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The south aisle of Chichester Cathedral
Autotype carbon tissue print
Provided by the artist - Terry King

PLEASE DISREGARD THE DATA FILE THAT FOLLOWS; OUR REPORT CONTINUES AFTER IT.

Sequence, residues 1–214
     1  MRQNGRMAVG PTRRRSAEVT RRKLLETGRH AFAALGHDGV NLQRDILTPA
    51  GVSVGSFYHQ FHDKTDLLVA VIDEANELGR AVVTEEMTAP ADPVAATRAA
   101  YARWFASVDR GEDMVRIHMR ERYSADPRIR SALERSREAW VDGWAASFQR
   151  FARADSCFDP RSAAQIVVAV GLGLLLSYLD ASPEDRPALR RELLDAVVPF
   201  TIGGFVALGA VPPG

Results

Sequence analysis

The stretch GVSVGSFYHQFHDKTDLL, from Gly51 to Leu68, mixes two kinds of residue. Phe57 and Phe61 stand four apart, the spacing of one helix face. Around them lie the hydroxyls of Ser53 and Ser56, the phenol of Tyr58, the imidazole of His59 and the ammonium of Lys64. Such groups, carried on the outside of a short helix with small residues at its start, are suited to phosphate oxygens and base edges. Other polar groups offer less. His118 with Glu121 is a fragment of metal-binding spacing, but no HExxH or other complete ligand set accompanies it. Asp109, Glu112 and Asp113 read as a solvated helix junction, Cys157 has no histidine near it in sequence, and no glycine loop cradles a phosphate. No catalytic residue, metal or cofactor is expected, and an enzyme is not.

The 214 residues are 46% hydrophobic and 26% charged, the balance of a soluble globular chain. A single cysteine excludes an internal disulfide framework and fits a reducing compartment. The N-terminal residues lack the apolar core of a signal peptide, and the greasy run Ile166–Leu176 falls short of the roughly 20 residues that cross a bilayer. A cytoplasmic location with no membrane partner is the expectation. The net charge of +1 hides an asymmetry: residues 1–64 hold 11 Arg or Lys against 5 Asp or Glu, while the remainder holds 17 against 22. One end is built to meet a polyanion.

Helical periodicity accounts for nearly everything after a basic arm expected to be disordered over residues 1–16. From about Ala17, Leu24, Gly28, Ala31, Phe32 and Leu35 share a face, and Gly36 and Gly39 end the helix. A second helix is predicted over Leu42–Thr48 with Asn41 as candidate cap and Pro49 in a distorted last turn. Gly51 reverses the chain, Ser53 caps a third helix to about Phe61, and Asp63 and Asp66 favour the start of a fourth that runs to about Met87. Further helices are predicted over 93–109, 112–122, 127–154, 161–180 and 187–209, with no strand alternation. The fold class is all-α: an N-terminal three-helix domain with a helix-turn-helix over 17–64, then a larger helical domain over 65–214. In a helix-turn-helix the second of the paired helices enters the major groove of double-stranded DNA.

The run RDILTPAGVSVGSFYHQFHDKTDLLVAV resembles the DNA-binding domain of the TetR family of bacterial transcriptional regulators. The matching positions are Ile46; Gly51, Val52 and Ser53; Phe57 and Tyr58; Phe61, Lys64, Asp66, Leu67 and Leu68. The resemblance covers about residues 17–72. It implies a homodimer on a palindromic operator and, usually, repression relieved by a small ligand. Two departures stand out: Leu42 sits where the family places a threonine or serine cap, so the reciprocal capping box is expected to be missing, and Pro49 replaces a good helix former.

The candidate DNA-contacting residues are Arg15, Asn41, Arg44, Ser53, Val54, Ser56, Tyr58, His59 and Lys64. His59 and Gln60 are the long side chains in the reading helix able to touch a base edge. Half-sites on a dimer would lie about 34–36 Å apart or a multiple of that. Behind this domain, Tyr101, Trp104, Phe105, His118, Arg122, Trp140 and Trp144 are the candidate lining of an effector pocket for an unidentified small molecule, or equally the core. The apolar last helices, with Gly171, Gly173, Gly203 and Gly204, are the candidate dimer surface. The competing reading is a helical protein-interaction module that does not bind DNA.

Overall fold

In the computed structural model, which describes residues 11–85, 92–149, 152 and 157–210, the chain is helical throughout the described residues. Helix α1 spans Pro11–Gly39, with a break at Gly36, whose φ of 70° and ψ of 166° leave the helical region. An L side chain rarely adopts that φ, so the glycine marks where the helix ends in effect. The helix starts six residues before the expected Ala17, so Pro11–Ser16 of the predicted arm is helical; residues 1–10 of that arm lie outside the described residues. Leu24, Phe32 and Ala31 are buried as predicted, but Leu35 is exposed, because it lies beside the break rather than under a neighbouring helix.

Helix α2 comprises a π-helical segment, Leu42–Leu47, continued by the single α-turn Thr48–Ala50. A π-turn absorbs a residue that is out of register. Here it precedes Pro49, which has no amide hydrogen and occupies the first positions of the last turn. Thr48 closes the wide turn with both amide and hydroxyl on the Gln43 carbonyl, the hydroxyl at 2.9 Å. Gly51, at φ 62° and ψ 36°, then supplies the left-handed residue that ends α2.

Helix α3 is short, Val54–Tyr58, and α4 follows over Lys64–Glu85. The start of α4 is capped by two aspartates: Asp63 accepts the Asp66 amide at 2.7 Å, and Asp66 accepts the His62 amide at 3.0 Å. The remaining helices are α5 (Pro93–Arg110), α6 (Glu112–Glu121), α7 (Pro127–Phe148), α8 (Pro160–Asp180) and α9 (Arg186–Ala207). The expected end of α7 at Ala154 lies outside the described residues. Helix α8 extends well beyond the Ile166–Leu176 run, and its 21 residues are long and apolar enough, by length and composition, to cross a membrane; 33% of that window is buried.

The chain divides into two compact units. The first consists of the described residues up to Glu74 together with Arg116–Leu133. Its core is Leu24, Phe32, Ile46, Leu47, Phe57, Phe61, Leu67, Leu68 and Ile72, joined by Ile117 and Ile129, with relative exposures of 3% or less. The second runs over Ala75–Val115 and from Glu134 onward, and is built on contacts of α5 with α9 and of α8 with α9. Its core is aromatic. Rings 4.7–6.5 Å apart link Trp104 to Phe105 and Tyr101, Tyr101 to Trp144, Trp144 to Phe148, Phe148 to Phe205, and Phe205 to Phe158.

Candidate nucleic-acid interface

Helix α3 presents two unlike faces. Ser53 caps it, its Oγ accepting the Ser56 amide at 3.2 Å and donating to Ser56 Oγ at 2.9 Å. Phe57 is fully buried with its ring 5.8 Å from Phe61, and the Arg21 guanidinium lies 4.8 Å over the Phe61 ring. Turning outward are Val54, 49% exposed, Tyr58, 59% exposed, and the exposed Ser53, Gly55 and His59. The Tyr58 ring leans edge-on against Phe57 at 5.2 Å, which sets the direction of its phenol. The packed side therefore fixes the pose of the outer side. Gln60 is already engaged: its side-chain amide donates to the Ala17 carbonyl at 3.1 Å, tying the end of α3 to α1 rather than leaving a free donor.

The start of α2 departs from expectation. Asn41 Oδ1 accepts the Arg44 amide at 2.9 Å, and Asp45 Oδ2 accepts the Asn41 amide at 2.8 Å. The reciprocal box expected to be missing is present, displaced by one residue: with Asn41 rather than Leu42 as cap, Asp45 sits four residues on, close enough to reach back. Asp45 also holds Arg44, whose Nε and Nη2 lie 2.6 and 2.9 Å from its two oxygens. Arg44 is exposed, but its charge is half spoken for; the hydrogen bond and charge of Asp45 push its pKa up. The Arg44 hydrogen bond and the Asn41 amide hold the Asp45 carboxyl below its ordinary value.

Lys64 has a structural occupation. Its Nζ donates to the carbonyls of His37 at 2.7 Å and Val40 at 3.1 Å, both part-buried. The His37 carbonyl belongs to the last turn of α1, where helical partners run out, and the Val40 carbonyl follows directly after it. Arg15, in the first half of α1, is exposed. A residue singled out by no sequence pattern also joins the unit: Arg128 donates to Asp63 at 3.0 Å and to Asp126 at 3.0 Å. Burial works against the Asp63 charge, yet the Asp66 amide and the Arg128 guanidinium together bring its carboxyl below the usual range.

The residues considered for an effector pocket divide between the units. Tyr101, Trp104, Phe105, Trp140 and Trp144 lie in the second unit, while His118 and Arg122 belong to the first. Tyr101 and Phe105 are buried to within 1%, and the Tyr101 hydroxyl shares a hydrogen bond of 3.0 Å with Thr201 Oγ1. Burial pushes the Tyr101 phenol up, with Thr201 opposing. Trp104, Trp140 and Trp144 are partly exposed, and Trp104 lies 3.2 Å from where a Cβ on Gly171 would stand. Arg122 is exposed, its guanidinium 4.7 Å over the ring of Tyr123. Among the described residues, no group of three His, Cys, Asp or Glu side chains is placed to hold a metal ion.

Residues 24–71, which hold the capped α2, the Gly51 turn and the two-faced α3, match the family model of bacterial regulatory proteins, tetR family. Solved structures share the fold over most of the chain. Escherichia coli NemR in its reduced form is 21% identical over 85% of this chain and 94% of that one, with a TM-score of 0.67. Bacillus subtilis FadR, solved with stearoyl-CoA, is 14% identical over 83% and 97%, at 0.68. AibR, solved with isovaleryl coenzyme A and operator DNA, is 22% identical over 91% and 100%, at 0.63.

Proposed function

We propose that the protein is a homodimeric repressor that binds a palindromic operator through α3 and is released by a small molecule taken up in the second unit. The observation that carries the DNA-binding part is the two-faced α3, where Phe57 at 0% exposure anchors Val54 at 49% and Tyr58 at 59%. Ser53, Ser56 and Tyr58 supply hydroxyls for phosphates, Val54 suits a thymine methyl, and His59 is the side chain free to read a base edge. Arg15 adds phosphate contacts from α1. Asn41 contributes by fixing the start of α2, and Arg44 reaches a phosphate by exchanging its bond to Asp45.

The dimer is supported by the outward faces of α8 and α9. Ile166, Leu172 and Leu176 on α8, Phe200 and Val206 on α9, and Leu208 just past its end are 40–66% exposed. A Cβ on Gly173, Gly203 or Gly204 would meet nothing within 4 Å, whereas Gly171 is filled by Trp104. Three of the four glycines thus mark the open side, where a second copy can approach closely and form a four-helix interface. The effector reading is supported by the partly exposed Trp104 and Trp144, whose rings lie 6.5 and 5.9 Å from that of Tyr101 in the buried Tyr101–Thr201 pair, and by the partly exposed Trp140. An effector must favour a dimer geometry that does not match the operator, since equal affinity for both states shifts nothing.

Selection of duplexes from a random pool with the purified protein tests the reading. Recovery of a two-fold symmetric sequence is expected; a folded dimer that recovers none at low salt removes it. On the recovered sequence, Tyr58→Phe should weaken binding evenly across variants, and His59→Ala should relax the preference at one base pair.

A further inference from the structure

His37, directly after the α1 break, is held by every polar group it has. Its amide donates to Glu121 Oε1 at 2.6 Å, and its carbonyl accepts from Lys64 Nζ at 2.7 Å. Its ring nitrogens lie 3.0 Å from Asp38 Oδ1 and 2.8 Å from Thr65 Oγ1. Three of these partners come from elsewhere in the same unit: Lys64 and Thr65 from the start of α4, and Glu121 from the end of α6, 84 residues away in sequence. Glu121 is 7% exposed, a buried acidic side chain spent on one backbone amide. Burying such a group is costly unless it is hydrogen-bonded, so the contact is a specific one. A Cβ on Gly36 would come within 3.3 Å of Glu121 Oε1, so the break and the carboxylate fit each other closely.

A significant problem was that, as working methods had not been well enough established to give consistent quality, many albumen prints faded. Other methods than those using silver salts were looked for. The first successful commercial method of making non-silver prints was Swan's carbon print of 1864 that was first marketed by the Autotype Company that continued to make carbon tissue until 2009. At the end the tissue was made for the copper plate gravure process. Carbon referred to the carbon black pigment originally used as the pigment where the varying thickness of dichromated gelatine gave the gradations in the print. The print here was made using Autotype carbon tissue for gravure. The process gives probably the best results of any photographic printing process and it will accept negatives of a density range of up to 2.8. The pigment, iron oxide, discolours as the copper plate is etched. As it gives the burnt sienna of renaissance drawings, I am happy to use it.